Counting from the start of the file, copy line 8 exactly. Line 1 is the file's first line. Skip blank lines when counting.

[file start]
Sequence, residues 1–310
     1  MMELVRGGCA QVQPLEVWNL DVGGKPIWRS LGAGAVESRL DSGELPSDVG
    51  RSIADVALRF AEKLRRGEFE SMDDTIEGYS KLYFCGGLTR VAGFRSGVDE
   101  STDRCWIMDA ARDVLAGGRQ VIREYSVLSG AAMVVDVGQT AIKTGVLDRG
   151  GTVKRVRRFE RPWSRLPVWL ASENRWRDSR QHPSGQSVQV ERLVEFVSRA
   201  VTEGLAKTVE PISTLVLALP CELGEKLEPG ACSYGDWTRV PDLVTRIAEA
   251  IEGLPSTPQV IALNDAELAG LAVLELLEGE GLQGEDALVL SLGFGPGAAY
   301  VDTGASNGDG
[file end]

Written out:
   301  VDTGASNGDG